On October 20, 1988, John Duffy, general counsel for CBI, directed a copy of the Hoy complaint to the insurer. On November 15, 1988, Ross Wasielke, branch claim manager for the insurer, informed Duffy that Brother Hewitt was not an "insured" under the policies.

Apparently there was no further contact between the insurer and Duffy until July 7, 1989, at which time Duffy informed Wasielke that the law firm of Clapp & Eisenberg, counsel for Brother McNally, believed there was a negligence claim in the Hoy litigation against Brother McNally and/or CBI.

Approximately one year later, on July 10, 1990, Duffy again wrote Wasielke and informed him that CBI had not yet been named a party defendant in the Hoy litigation. He also stated that Clapp & Eisenberg advised him there may be a statute of limitations defense, but "none of us would prefer to have to plead such a defense if we do not have to do so." He went on to note:

It appears that a Louisiana attorney has suddenly made his appearance in the case perhaps too well known. He is, we are advised, the attorney for the excess carrier which covers the Archdiocese. He and his company are putting pressure on the Archdiocese obviously seeking to force an early settlement. To that end he wants to see the policy which "insures" Bro. McNally. Of course, there is no such policy!

Our attorneys, Ed Fitzpatrick and John Lloyd of Clapp & Eisenberg ("C&E") do not wish to disclose your policy since they fear it might somehow come to the attention of plaintiff's counsel who might then seek to join the Institute as a party defendant.

They're also concerned that counsel might seek disclosure by means of a motion which would bring it to plaintiff's attention.

We discussed possible alternatives:

a) C&E could permit counsel to review your policy in their office.

b) C&E could attempt to harden the Archdiocese's position vis-a-vis their excess carrier, if that is at all possible.

c) C&E could offer their letter averring that McNally is uninsured and has taken the vows of poverty, chastity and obedience.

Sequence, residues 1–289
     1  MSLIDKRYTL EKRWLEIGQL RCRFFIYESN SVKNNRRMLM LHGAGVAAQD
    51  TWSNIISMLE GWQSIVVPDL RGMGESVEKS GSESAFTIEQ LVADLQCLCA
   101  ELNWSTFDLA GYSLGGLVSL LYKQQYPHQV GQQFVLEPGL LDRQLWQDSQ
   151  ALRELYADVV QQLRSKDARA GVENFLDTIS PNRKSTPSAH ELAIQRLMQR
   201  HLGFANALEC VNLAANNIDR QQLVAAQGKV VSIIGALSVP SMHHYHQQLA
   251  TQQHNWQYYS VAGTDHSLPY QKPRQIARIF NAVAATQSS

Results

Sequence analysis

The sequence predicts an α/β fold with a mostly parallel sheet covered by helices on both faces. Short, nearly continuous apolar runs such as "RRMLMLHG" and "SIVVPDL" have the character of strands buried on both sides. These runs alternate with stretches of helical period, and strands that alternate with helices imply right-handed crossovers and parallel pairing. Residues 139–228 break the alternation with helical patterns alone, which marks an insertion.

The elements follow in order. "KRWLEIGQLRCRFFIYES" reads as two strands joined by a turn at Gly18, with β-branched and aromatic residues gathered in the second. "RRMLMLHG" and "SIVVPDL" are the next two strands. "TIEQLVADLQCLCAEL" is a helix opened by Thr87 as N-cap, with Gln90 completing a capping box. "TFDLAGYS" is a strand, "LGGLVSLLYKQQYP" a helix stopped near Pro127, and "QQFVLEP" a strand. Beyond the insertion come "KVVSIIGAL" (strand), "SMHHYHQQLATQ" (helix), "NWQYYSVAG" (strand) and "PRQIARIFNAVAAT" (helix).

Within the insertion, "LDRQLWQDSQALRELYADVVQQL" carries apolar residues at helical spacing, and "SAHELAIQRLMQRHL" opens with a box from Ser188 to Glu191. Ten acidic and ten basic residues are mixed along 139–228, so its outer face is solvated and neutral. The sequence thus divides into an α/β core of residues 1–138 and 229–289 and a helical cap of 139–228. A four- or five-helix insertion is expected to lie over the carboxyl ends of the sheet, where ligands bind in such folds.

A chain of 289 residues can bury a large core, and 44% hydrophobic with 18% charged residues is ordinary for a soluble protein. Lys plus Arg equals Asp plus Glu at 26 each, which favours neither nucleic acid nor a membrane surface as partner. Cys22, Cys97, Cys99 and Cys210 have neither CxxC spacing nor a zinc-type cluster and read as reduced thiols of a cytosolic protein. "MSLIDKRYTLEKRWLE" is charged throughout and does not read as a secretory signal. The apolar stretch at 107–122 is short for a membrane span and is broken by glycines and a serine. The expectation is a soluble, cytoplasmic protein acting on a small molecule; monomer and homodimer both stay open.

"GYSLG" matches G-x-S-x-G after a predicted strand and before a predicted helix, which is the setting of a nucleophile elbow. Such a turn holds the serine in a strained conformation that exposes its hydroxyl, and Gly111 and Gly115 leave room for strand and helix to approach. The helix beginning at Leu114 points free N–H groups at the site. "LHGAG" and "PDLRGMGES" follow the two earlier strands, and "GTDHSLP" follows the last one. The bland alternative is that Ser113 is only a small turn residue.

Wasielke responded on July 11, 1990 and suggested that Clapp & Eisenberg indicate that Brother McNally is uninsured and has taken the vows of poverty, chastity and obedience.

Subsequently, on September 14, 1990, John R. Lloyd of Clapp & Eisenberg, wrote to Wasielke confirming a conversation two days earlier, in which Wasielke informed Lloyd that Brother McNally was not covered under any policy issued by the insurer. In the letter, Lloyd notified Wasielke that copies of the policies covering CBI were being provided to counsel for the Archdiocese.

The next documented contact between representatives of Brother McNally and the insurer was October 13, 1992, at which time Ed FitzPatrick of Clapp & Eisenberg sent a letter to Scott Lazar, who was at that time counsel for the insurer. The letter stated in relevant part:

It is clear that Brother McNally would be covered....

We would urge that you read the policy and advise [the insurer] that McNally is insured and that they ought to immediately meet their responsibility both as to a defense and settlement in order to resolve this litigation.

Your client was advised of this law suit years ago and disclaimed coverage. In our view that disclaimer was in bad faith and we will be advising our client to institute suit if we are not able to reach an amicable settlement with [the insurer] (unfortunately that probably means tomorrow).